Implementation Constructor connect isConnected
QuickFindDS $$\Theta(N)$$ $$\Theta(N)$$ $$\Theta(1)$$
QuickUnionDS $$\Theta(N)$$ $$\Theta(N)$$ $$\Theta(N)$$
WeightedQuickUnionDS $$\Theta(N)$$ $$\Theta(\log N)$$ $$\Theta(\log N)$$

Performing M operations on a DisojointSet object with N elements:

• Runtime ranges from $$O(MN)$$ to $$O(N + M log N)$$.

## Path Compression: A Clever Idea

Idea: Whenever we do isConnected(p, q), as we go, we tie all the nodes we’ve seen to the root.

In other words, when doing any kind of query involving a node, set that node’s parent to the root.

This results in a union/connected operation that is very very close to amortized constant time.

• M operations on N nodes is $$O(N + M \log^* N)$$ ($$\log^*$$ is the Iterative Logarithm)
• $$\log^*$$ is less than 5 for any realistic input.
• A tighter bound: $$O(N + M \alpha(N))$$

The end result of our iterative design process is the standard

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Asymptotics Bobby Yan http://bobbyy.org http://bobbyy.org/cs61b-asymptotics 2018-02-25T16:00:00-08:00 Writing Efficient Programs

An engineer will do for a dime what any fool will do for a dollar.

– Paul Hilfinger

• Efficiency comes in two flavors, programming cost and execution cost. Today we’ll deal with the latter:
• How much time does your program take to execute?
• How much memory does your program require?

### Example Problem 1

Objective: Given a sorted array A, determine if it contains any duplicates.

• A silly algorithm is to consider every possible pair and return true if there’s any match.
• A better algorithm is: for each number A[i], compare with A[i + 1]. Return true if see a match, false otherwise.

Our Goal Today: Introduce a formal technique to compare algorithmic efficiency.

## Intuitive Runtime Characterizations

### Runtime Characterizations

Characterizations should:

• be simple and mathemtically rigorous
• demonstrate superiority of one algorithm over another

From the example problem 1, how can we characterize runtime to show that dup2 is better than dup1?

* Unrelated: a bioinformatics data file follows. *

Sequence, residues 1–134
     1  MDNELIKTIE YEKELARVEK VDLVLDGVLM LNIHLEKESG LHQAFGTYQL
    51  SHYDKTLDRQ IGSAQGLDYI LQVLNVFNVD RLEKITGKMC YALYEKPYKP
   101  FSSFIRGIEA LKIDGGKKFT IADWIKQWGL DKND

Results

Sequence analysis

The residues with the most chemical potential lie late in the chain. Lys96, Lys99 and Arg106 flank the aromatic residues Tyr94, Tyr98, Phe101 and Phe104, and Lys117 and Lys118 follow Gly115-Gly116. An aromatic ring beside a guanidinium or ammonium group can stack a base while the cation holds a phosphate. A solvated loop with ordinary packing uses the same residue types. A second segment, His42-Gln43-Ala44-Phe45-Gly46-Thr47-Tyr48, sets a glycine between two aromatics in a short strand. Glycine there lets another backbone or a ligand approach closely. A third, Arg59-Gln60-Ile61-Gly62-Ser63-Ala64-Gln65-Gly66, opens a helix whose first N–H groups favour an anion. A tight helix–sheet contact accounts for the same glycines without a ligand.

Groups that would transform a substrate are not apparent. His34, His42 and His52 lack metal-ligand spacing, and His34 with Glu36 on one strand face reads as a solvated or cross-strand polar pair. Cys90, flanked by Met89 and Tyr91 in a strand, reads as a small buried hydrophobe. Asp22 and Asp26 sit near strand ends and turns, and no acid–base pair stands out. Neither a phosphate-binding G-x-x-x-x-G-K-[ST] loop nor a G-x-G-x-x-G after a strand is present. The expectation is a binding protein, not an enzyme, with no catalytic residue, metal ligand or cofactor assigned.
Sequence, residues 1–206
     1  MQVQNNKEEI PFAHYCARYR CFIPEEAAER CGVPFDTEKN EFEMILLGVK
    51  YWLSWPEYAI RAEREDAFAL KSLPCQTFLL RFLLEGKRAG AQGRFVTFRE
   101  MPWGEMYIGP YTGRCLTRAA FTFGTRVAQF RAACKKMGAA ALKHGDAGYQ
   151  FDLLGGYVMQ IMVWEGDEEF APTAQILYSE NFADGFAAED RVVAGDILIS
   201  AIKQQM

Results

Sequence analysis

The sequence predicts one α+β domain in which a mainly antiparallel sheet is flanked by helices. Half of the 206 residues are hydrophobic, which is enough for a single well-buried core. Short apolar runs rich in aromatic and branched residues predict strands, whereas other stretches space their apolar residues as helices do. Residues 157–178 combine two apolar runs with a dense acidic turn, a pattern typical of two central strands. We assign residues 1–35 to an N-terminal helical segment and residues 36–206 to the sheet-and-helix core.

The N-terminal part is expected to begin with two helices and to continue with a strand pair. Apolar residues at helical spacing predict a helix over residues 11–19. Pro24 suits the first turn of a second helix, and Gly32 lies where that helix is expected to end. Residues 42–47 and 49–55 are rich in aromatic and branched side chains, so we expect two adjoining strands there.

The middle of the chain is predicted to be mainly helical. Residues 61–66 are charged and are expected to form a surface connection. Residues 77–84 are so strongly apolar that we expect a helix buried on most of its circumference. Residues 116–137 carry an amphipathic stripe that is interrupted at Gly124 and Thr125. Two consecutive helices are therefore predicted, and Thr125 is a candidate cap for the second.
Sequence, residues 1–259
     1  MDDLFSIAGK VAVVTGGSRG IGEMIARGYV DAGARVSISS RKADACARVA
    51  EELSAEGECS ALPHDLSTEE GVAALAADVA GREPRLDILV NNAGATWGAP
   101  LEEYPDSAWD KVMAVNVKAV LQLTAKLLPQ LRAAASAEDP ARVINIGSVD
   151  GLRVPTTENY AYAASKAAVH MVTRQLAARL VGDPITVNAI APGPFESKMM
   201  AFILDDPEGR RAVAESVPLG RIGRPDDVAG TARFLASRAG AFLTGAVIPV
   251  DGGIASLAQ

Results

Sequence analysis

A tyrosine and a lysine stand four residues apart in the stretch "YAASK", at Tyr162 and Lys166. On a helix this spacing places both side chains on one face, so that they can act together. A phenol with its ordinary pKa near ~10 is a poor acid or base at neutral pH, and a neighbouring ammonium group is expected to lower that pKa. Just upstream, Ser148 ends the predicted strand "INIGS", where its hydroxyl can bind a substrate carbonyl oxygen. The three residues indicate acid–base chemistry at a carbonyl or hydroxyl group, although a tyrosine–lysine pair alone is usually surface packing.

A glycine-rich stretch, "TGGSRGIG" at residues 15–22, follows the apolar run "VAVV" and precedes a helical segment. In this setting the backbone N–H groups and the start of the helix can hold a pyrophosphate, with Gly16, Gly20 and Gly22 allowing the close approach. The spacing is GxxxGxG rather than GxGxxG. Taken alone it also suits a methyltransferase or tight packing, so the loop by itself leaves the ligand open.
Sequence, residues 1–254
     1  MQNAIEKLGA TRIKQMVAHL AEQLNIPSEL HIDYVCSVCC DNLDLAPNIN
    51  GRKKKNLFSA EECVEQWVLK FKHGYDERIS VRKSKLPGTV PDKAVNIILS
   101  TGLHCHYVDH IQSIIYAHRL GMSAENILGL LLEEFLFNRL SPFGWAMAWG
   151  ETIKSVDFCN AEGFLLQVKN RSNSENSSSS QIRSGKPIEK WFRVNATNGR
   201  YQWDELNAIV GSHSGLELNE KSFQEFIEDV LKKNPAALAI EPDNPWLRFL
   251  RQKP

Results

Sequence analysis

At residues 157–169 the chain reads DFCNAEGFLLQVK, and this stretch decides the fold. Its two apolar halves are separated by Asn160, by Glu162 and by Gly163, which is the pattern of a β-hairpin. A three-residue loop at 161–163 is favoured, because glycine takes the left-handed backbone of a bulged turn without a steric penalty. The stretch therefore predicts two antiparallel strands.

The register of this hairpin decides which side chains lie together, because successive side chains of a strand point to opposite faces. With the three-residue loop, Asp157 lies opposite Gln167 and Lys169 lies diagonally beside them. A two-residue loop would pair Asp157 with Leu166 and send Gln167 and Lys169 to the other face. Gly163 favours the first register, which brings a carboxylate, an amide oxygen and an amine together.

public static boolean dup1(int[] A) {
for (int i = 0; i < A.length; i += 1) {
for (int j = i + 1; j < A.length; j += 1) {
if (A[i] == A[j]) {
return true;
}
}
}
return false;
}

public static boolean dup2(int[] A) {
for (int i = 0; i < A.length - 1; i += 1) {
if (A[i] == A[i + 1]) {
return true;
}
}
return false;
}


### Techniques for Measuring Computational Cost

• Technique 1: Measure execution time
• Unix has a built in time command to measure execution time. e.g. time java Dup1 20000
• Princeton StdLib has a Stopwatch class
• Physical timewatch
• Technique 2A: Count possible operations for an array of size N = 10,000 (what we’ll use often)
• Consider worst case and best case scenarios
• Pros: Machine independent. Input dependence is captured in model.
• Cons: Tedious to compute. Array size is arbitrary, so doesn’t tell actual time (nope, really can’t tell actual time).
• Technique 2B: Count possible operations in terms of input array size N
• Pros:
• Cons: Even more tedious to compute. Doesn’t tell actual time.

#### Counting Operations

For dup1:

Operation Count for N = 10000
i = 0 1
j = i + 1 1 ~ 10,000
less than (<)
increment (+= 1)

For dup2:

Operation Systematic Count Count for N = 10000
i = 0 1
less than < 0 ~ N
increment += 1 0 ~ N - 1
equals == 1 ~ N - 1 1
array accesses 2 ~ 2N - 2

### Comparing Algorithms

A better algorithm scales better in the worse case.

So, suppose we have two algorithms that zerpify a collection of N items, and zerp1 takes 2N^2 operations while zerp2 takes 500N operations. While zerp1 may be faster for smaller inputs, it doesn’t scale well, so zerp2 is a better algorithm.

#### Asymptotic Behavior

In most cases, we only care about asymptotic behavior, i.e. what happens for very large N. How this is important in real life? Think about bitcoins, NASA, etc.

## Worse Case Order of Growth

### Duplicate Finding

Our goal is to charactertize the runtime of dup1 and dup2. What we’ve been doing so far indeed demonstrates the superiority of dup2, but is it simple? Not at all.

Simplifications

1. Only consider the worst case.
2. Pick one representation operation as a proxy for overall runtime.
3. Ignore lower order terms.
4. Ignore multiplicative constant.

With these simplifications, for dup2, we can pick “array accesses” as our cost model, and derive that the order of growth is just N.

#### Picking the representative operation (a.k.a the cost model)

• Good choice: increment
• Bad choice: i = 0
• We call our choice the “cost model

## Big-Theta

Formal Definition:

$$R(N) \in \Theta(f(N))$$ if $$\exists k_1, k_2 \in \mathbb{Z}^+$$ such that $$k_1 \cdot f(N) \leq R(N) \leq k_2 \cdot f(N)$$